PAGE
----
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  Theor Appl Genet (1997) 95:741 —  750   Springer-Verlag 1997 A. C. Roa · M. M. Maya · M. C. DuqueJ. Tohme · A. C. Allem · M. W. Bonierbale AFLP analysis of relationships among cassava and other  Manihot   species Received: 4 November 1996 / Accepted: 20 December 1996 Abstract  Despite the worldwide importance of culti-vated cassava ( M .  esculenta  Crantz) its srcin and taxo-nomic relationships with other species in the genushave not been clearly established. We evaluated a rep-resentative sample of the crop’s diversity and six wildtaxa with AFLPs to estimate genetic relationshipswithin the genus. Groupings of accessions of each spe-cies by data analysis corresponded largely with theirprevious taxonomic classifications. A mixed group,consisting of   Manihot esculenta  subsp.  flabellifolia  and M .  esculenta  subsp.  peruviana , was most similar tocassava, while  M .  aesculifolia ,  M .  brachyloba , and  M . carthaginensis  were more distant. Species-specificmarkers, which may be useful in germ-plasm classifica-tion or introgression studies, were suggested by theunique presence of AFLP products in samples of eachof the three wild species. Heterogeneity of similaritiesamong individuals of certain species suggested theexistence of intraspecific gene pools, a hypothesis thatwas supported by morphological or ecogeographicevidence with varying degrees of success. Quantitativeassessment of genetic diversity revealed greater homo-geneity among cassava accessions than among itsclosest wild relatives. The demonstration of unique gen-eticdiversityinthetwo M . esculenta subspeciesandtheirgenetic similarity to the crop supports the hypothesisthat these materials may be the ancestors of cassava. Communicated by G. WenzelA. C. Roa  ·  M. M. Maya  ·  M. C. Duque  ·  J. TohmeM. W. Bonierbale   ( )Centro Internacional de Agricultura Tropical  —   CIAT,Apartado Ae´reo 6713, Cali, ColombiaA. C. AllemCentroNacionalde Pesquisade RecursosGene´ticose Biotecnologia(CENARGEN), Empresa Brasileirade Pesquisa Agropecua´ria (EMBRAPA), Brası´lia, D.F., Brazil  Present address:  Centro International de la Papa (CIP), Apartado 1558,Lima IZ, Peru Key words  Cassava  ·  Manihot  genus  ·  AFLP  · Genetic diversity  ·  Wild relatives of cassava Introduction The genus  Manihot  (Euphorbiaceae) is native to theNeotropics, growing in diverse habitats between south-ern USA and Argentina (Rogers and Appan 1973). Manihot  species are perennials and vary from acaules-cent shrubs to trees of 10 —  12 m. Most produce tu-berous roots, and some, such as cassava ( Manihotesculenta  Crantz), accumulate large quantities of starch. Cassava is a major tropical crop, producedmainly by small farmers for food and small-scale indus-trial use. It occupies fourth place, after rice, sugarcaneand maize, as a source of calories in the human diet,feeding more than 500 million people in Africa, Asia,and Latin America (Cock 1985; Best and Henry1994).Despite its importance, aspects such as the srcinand domestication of the cassava and phylogeneticrelationships with other species of the genus have notbeen elucidated. Linguistic, ethnological,archeological,taxonomic and geographic evidence suggest that thecrop had many points of initial cultivation. Rogers andAppan (1973) proposed that, of the 98 species theydescribed, the Central American species  M .  aesculifolia (H.B.K.) Pohl is the closest wild relative.  M .  esculenta Crantz subsp.  flabellifolia  (Pohl) Ciferri was regardedas a synonym of cassava; the species  M .  tristis  Muell.Arg. and  M .  peruviana  Muell. Arg. were placed indifferent sections of the genus. Allem (1987) disagreed,suggesting  M .  tristis  as the species most similar tocassava. He later reported (1994 a, b) finding wild formsof the cultivated species in north-eastern Brazil, regard-ing the glabrous form as  M .  esculenta  subsp.  flabel - lifolia ; the pubescent variety as  M .  esculenta  Crantzsubsp.  peruviana  (Muell. Arg.) Allem; and  M .  tristis  as  a synonym, morphologically indistinguishable from M .  esculenta  subsp.  flabellifolia .Allem’s propositions have since been challengedby suggestions that the re-classified wild forms mayhave been escapes from cassava crops (Renvoize1972; Bertram 1993). The appearance of swollennodes in these plants cast doubt on their nature astrue wild relatives, as this character was con-sidered to be an indirect result of artificial selec-tion for efficient vegetative reproduction (Jennings1976, cited by Bertram 1993). The question thus re-mains: is cassava the result of domestication of thesewild populations, or are they escapes from cultivatedmaterial?Molecular markers have recently been employedto help resolve some of these taxonomic andphylogenetic questions. Bertram (1993) analyzed 14 Manihot  species from North and Central America,together with land races and improved varieties of cassava from different regions, performing a clad-istic analysis of RFLP (restriction fragment lengthpolymorphism) variation in chloroplast (cp)and ribosomal (r) DNA. He proposed that  M .  aes - culifolia  was most similar to cassava, togetherwith  M .  carthaginensis  (Jacquin) Muell. Arg. Fregeneet al. (1994), analyzing RFLPs of cpDNA and rDNAof 29 accessions of wild species and cultivated va-rieties, showed that  M .  tristis  and  M .  esculenta subsp.  flabellifolia  are also very close to, butdivergent from, cassava. They suggested that cassavawas more likely to have been domesticated froma complex of these species than from a hybridi-zation event between them. But because molecularstudies have rarely treated Central American spe-cies together with those of South America, a lackof consensus still exists on the srcin of cassava, andthe degree of its relationships with other  Manihot species.A new type of marker is now available to help ad-dress these questions.AFLP (amplified fragmentlengthpolymorphism) analysis is a technique through whichselected restriction fragments from the digestion of to-tal plant DNA are amplified by the polymerase chainreaction (Vos et al. 1995). The resulting DNA finger-print provides a large number of genetic markers; andthe multiplex ratio, defined as the number of informa-tion points analyzed per experiment, is much higherthan for other types of markers, such as RFLP, RAPD(randomly amplified polymorphic DNA) or SSRP(simple sequence repeat polymorphism) (Powell et al.1996).We used the AFLP technique to analyze the five wildforms mentioned above as close relatives or ancestorsof cassava, a distant species ( M .  brachyloba  Muellervon Argau), and a representative sample of the geneticdiversity available in the crop. Based on our results,we revised hypotheses on the ancestry and srcin of cassava. Materials and methods Plant materialsA total of 105 genotypes were evaluated, comprising 35 landraces of cassava, three bred cassava lines, and 67 individuals from six addi-tional taxa:  M .  aesculifolia ,  M .  carthaginensis ,  M .  brachyloba , M .  tristis ,  M .  esculenta  subsp.  flabellifolia  and  M .  esculenta  subsp. peruviana (Table 1). The landraces were selected from the larger corecollection of cassava germ plasm conserved at CIAT, Cali, Colom-bia, using geographic, morphological and biochemical parameters(Hershey et al. 1994).DNA extractionFresh young leaves were harvested from each genotype on liquidnitrogen and maintained at ! 80 ° C. DNA was extracted, usingeitherthe methodof Dellaportaet al. (1983),with 3 —  4 g of leaf tissue,or the ORSTOM method, with freshly harvested and dried leaf tissue (at 48 ° C for 24 h) (C. Colombo, in preparation).AFLP methodThe AFLP protocol followed was that described by Vos et al. (1995),with slight modifications (Tohme et al. 1996). Primary template wasprepared by the simultaneous digestion of DNA with  Eco RI and Mse I and subsequent ligation of asymmetric quantities of enzyme-specific adapters. The amount of information obtained by AFLP isa factorof the number of selectivenucleotidesemployed,and the sizeand complexity of the genome being analyzed. Trials were conduc-ted on two  Manihot  accessions, with 20 combinations of first- andsecond-round primers (see Table 2) to identify successful combina-tions of selective nucleotides, taking into account  Manihot ’s genomesize of between 6.93 and 8.30  10   base pairs (Arumuganathan andEarle 1991) and recommendations made by Lin and Kuo (1995).DNA samples of eight genotypes were obtained independently, andin duplicate, with each of the two extraction methods. Thesesampleswere evaluated to ensure robustness and reproducibility of theAFLP protocol.Following these preliminary trials, the entire set of plant materialswas analyzed, using A and G as selective nucleotides ( Eco RIprimer # A, and  Mse I primer # G, respectively) for pre-amplifica-tion, and the two second-round primer combinations ( Eco RI # AAC  Mse I # GTA, and  Eco RI # ACA  Mse I # GTA). Radioactive amplification products [from labelling the  Eco RI primer inthe second round of amplification with [  P]  dATP] were size-fractionated on 6% polyacrylamide denaturing gels on a Sequi-Gen(BioRad) sequencing apparatus. Electrophoresis was carried out for2 h in 1  TBE at 40 V/cm and 45 ° C. The gels were covered withSaran Wrap,dried under vacuumfor 1 h at 80 ° C, and exposedfor 16h on X-ray films (Kodak X-omat LS) for autoradiography.Data analysisAFLPs from the two primer combinations were registered in termsof the presence or absence of bands in each of the 105 accessionsevaluated. The results were converted into a similarity matrix, basedon the index of Nei and Li (1979).The similarity matrix was analyzed, using the computer programNTSYS (version 1.8; Rohlf 1994). Dendrograms were constructed byemploying the option TREE, and the UPGMA (unweighted pairgrouping method of averages) method of Sneath and Sokal(1973). A correlation index was calculated between the similarity742  Table 1  Manihot  germ plasm selected for AFLP analysis Manihot  species Accession code   No. of Country  Manihot esculenta  Country of Common nameindividuals of origin accession code   srcin M .  aesculifolia  AES 002 1 Mexico M ARG 11 Argentina Duro do Valle 30AES 404-004 1 Mexico M BOL 3 Bolivia Rosada de BoliviaWU 26 AES 2 1 Mexico M BRA 12 Brazil  —   WU 25 AES 6 1 Mexico M BRA 97 Brazil Saracura IIWU 24 AES 7 1 Mexico M BRA 110 Brazil PangolaWU 82 AES 8 1 Mexico M BRA 383 Brazil Vassoura          oWU 32 AES 4 1 Mexico M BRA 881 Brazil Branca de Sta. CatarinaWU 27 AES 5 1 Mexico M BRA 885 Brazil Jabaru´ M .  brachyloba  BLO 001 1  —   M BRA 900 Brazil Mandim BrancaBLO 401 1 Colombia M BRA 931 Brazil Enganha Ladra          oBLO 402 1 Colombia M COL 1468 Brazil Sip24-2 Mantiqueira M .  carthaginensis  CTH 005 1 Colombia M COL 22 Colombia UvitaCTH 011 1 Colombia M COL 1438 Colombia LlaneraCTH 012 1 Colombia M COL 1522 Colombia Algodonera AmarillaCTH 106 1 Colombia M COL 1684 Colombia  —  CTH 121 1 Colombia M COL 2061 Colombia Regional MoradaCTH 164 1 Colombia M COL 2066 Colombia Chiroza GallinazaCTH 246 1 Colombia M COL 2215 Colombia Venezolana 1CTH 315 1 Colombia HMC 1 Colombia  —  CTH 409 2 Colombia M CR 32 Costa Rica Yuca MangiCTH 411 1 Colombia M CUB 51 Cuba PineraCTH 414 1 Colombia M CUB 74 Cuba Sen          oritaCTH 415 5 Colombia M ECU 41 Ecuador De Tres MesesCTH 416 1 Colombia M ECU 82 Ecuador BlancaCTH 417 6 Colombia M IND 33 Indonesia No. 734-5CTH Z 1  —   M MAL 2 Malaysia Black Twig M .  esculenta  ESC-FLA 423 2 Brazil M MAL 48 Malaysia Red Twigsubsp. ESC-FLA 427 2 Brazil M MEX 59 Mexico  —  flabellifolia  ESC-FLA 428 2 Brazil M PAN 51 Panama  —  ESC-FLA 430 1 Brazil M PAR 110 Paraguay Tacuara SayyuESC-FLA 438 2 Brazil M PTR 19 Puerto Rico No. 9588 M .  esculenta  ESC-FLA 441 2 Brazil M TAI 1 Thailand Rayong 1subsp. ESC-PER 406 2 Brazil M VEN 25 Venezuela Querepa Amarga peruviana  ESC-PER 407 2 Brazil M VEN 45 Venezuela  —  ESC-PER 411 2 Brazil M COL 1505 Venezuela  —  ESC-PER 412 2 Brazil CM 2177-2 CIAT   HybridESC-PER 413 2 Brazil CM 3306-9 CIAT   HybridESC-PER 414 2 Brazil TMS 30572 IITA   HybridESC-PER 415 2 BrazilESC-PER 417 2 Brazil M .  tristis  TST-002 1  —  TST-008 1  —  TST-009 1  —  TST-011 1  —   Manihot  species were collected as true-seed populations  Cassava accessions are maintained as vegetative clones  —  " as used throughout field, indicates ‘‘no data’’  Centro Internacional de Agricultura Tropical, based in Colombia  International Institute of Tropical Agriculture, based in Nigeriamatrices resulting from the two different primer combinations toanalyze the complementary or redundancy of the information.The means of all pairwise similarities between the individualswithin each of the principal clusters identified by UPGMA werecompared, using Duncan’s multiple range test. Similarities betweenindividuals comprising all pairwise combinations of species werealso calculated to determine the means and standard deviationsof interspecific similarities. Multiple correspondence analysis(MCA) was conducted to evaluate the contribution of the specificactive variables (AFLP products) to the variation observed amonggenotypes, by employing the CORRESP option of SAS (version6-11; 1989).Morphological characterizationExceptfor severalaccessions of   M .  aesculifolia ,which were availableonly as leaf samples, the germ plasm included in this study wascharacterized morphologically, using a set of descriptors comprised743  Table 2  Informativeness of 20 combinations of selective primersused to detect AFLP between two  Manihot  genotypes (ESC-FLA423-6 and ESC-PER 412-2). In all cases, pre-amplification wascarriedout with Eco RI # A and Mse I # G primers. Total numberof bands and percentage of polymorphism are as observed for the twogenotypes analyzed Eco RI primer  Mse I primerGTA GCG GAC GGTBands Polymorphs Bands Polymorphs Bands Polymorphs Bands Polymorphs(no.) (%) (no.) (%) (no.) (%) (no.) (%)AAC 45   44   37 38 35 51 44 36ACG 42 74  —    — — — — —  AGT 33 48 30 47 36 22 34 68ACA 44   61   47 28 34 59 30 60AT 87 40 24 29 56 41 84 49  Primer combinations selected for analysis of the  Manihot  germ-plasm set  —  " ‘‘no data’’of 38 characters, both vegetative (stem, leaf, petiole and stipules) andreproductive (flower, fruit and seed). Results AFLP provides a high information content for Manihot  speciesA comparison of information content and the resolu-tion of amplification products from 20 combinations of primers revealed between 24 and 87 amplificationproducts per individual and 22% to 74% polymorphicbands between the two individuals analyzed (Table 2).Three primer pairs employing ( Eco RI) # 2 and( Mse I) # 3selective nucleotides revealed a larger numberof AFLP products in the germ plasm than the # 3/  # 3combinations, but these were generally less polymor-phic. Among the # 2/  # 3 combinations, the generationof the lowest number of AFLP products with  Mse Iprimer # GCG is consistent with expectations based onsequence context. The primer combinations  Eco RI # AAC  Mse I # GTA, and  Eco RI # ACA  Mse I # GTAwere chosen as the most informative, and applied to thecomplete set of germ-plasm accessions.Analysis of the 105 genotypes presented a total of 139 AFLP bands for the first primer combination, and165 bands for the second, when bands from all indi-viduals were considered. The number of bands ob-tained per individual ranged from 17 to 51, confirmingthe high multiplex ratio obtainable with this type of marker (Fig. 1). Only two bands revealed by analysiswith each primer combination were monomorphic inthe germ-plasm set, demonstrating a polymorphism of 98.6%, a higher rate than that obtained with othermarker types, using different plant materials: isozymeanalysis of cultivated and wild  Manihot  species showed55% —  58% polymorphism (Lefe´vre and Charrier 1993),RAPD patterns 31% (Carvalho et al. 1994), andRFLPs 6% —  98% (Bertram 1993; Haysom et al. 1994).The matrices of genetic similarityestimates, based onAFLP patterns from the two separate primer combina-tions, were highly correlated ( r " 0.91). The analysispermitted the unique identification of each individualanalyzed, indicating that the collection does not con-tain genetic duplicates, and facilitated analysis of thedistribution of genetic diversity among accessions andspecies.Cluster analysisFigure 2 depicts the clustering of   Manihot  accessionsinto eight groups of individuals that correspond largelyto prior taxonomic classification. Discrete groups wereformed for the species  M .  aesculifolia ,  M .  brachyloba and  M .  carthaginesis  (clusters 1, 2 and 3, respectively),and cassava ( M .  esculenta , cluster 8). Most accessionspertaining to  M .  esculenta  subspp.  flabellifolia  and peruviana  fell into a mixed cluster (7). Three smallergroups were formed by two pairs of individualsadapted to high altitudes, the  M .  esculenta  subspecies(4 and 5) and  M .  tristis  (6).The accessions representing cassava appear asa compact group (8), with greater similarity among itsmembers than in the next cluster (7). Because cluster7 comprised a mixture of   M .  esculenta  subspp.  flabel - lifolia  and  peruviana  accessions, these two subspecieswere pooled into a single group for subsequent analyses.Mean similarities between pairs of individuals withinthe six resulting groups were significantly different( P ( 0.05), according to Duncan’s multiple range test(Table 3). As expected, intraspecific similarity (Table 3,diagonal) was greater in all cases than interspecific(Table 3, upper triangle).Multiple correspondence analysisThe multiple correspondence analysis (MCA; Fig.3a) portrayed  M .  aesculifolia ,  M .  carthaginesis  and 744  Fig. 1  Autoradiograph showingAFLP detected in a subset of  Manihot  germ plasm with thesecond-round selective primercombination  Eco RI # AAC  Mse I # GTA.  Arrows indicate putative species-specificbands for  M .  aesculifolia ,  M . brachyloba  and  M .  carthaginensis M .  brachyloba  as discrete groups that are separate fromthe other accessions.  M .  esculenta  appearsas a compactgroup with accessions of   M .  tristis  and the two  M . esculenta  subspecies nearby.A separate multiple correspondence analysis wasperformed on the 69 genotypes representing the two M .  esculenta  subspecies,  M .  tristis  and  M .  esculenta , toimprove resolution of the structure of diversity withinthese taxa (Fig. 3b). The first dimension of MCA waseffective in separating  M .  esculenta , as a single compactgroup, from the other taxa. The second dimensionfurther distinguished  M .  tristis  from the two  M .  es - culenta  subspecies. The third dimension separated a‘‘pure’’ group of five accessions of the  M .  esculenta subsp.  peruviana  from the other individuals of the  M . esculenta  subspecific complex. The ‘‘pure peruviana’’ 745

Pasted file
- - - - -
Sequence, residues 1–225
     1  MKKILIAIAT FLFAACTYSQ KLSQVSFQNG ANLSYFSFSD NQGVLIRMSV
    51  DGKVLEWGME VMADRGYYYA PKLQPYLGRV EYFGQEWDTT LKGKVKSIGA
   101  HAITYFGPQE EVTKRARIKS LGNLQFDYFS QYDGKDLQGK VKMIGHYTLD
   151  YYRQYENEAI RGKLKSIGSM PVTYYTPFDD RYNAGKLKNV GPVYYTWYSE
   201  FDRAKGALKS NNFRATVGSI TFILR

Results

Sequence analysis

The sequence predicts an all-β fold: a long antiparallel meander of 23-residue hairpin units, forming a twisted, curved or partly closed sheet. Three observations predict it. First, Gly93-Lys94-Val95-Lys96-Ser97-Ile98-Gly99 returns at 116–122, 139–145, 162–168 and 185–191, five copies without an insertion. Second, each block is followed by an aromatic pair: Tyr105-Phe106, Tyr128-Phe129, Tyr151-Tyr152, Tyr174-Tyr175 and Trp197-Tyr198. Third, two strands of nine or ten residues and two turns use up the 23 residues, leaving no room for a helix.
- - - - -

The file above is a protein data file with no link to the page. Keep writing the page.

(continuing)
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Apr 16, 2018